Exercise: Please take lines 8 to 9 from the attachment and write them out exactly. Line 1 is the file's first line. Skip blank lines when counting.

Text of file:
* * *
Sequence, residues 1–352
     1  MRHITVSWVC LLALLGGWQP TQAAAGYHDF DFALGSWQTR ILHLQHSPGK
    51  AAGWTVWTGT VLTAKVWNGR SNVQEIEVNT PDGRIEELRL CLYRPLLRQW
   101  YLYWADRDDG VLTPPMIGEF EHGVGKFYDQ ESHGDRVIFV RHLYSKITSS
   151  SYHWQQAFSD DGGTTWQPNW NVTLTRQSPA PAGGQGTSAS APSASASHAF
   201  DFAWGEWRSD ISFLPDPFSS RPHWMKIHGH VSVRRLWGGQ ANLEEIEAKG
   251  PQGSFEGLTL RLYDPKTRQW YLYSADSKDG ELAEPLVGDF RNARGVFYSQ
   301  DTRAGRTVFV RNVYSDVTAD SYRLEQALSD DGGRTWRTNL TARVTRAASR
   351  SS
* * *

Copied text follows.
   301  DTRAGRTVFV RNVYSDVTAD SYRLEQALSD DGGRTWRTNL TARVTRAASR
   351  SS